Sherrard, AIA, LEED AP, NCARB, is a project design manager and associate principal at Moody•Nolan, Inc., Columbus, Ohio. He can be reached at [email protected]. The firm designed the Kress Events Center (see sidebar).
Sidebar: A green beacon
The new Kress Events Center at the University of Wisconsin-Green Bay upgrades an aging recreation center. The renovation, repurposing and integration of the existing facilities are considered the ultimate form of recycling by reuse. They eliminate demolition waste going into landfills. Situated in the southeast athletics quadrant of the university, the building has a presence to the outer ring road and therefore becomes a “gateway” from the south. The facility was built for about $28.5 million, including 175,000 square feet in additions.
The buildings' program is broken into two components: a new recreation component adds ample fitness space with a suspended running track, group exercise and basketball court to the existing basketball courts and pool. A new women's basketball and volleyball performance space with a bowl configuration provides maximum home-court effect. The entire athletics program offices also are housed in this area. The recreation component is situated on the north side, which is more convenient to daily student foot traffic. A spacious, well-lighted north-south concourse encompasses all of these components together in one facility.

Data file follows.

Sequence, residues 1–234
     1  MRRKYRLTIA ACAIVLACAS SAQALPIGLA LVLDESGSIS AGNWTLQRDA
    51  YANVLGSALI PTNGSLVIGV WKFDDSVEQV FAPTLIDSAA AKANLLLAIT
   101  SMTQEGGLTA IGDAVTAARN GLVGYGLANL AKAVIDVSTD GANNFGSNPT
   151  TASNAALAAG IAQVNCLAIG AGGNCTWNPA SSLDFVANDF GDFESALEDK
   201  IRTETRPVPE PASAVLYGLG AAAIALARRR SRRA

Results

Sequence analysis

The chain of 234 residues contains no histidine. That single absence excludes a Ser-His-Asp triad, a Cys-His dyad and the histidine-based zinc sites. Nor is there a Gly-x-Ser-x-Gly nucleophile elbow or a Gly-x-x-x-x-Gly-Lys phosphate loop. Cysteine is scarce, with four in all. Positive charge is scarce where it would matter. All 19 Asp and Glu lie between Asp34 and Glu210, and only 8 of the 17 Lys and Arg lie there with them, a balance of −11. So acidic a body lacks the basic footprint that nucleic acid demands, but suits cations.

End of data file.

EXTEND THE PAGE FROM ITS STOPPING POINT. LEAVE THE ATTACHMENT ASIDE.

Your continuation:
Using primary exterior materials from local masonry resources reduced environmental impact. Curtainwalls with high-performance glazing systems are energy-efficient, and light-colored material roofs and canopies reduce the heat load on the building. The interior features stained-concrete floor patterns and exposed ceilings, which eliminated the need for finish material resources to conceal them. All active interior spaces have plenty of clerestory or borrowed light to maximize use of daylight and reduce artificial lighting loads on building. The casework and main control desk are made of wood substrates that are from sustainably managed forests and are FSC (Forest Stewardship Council)-certified.
The majority of the site is surrounded by wetlands that were protected throughout construction and enhanced by the landscape design. The areas adjacent to the entry have large landscaped public plazas that have been planted with native grasses and shrubs in an effort to restore natural habitat.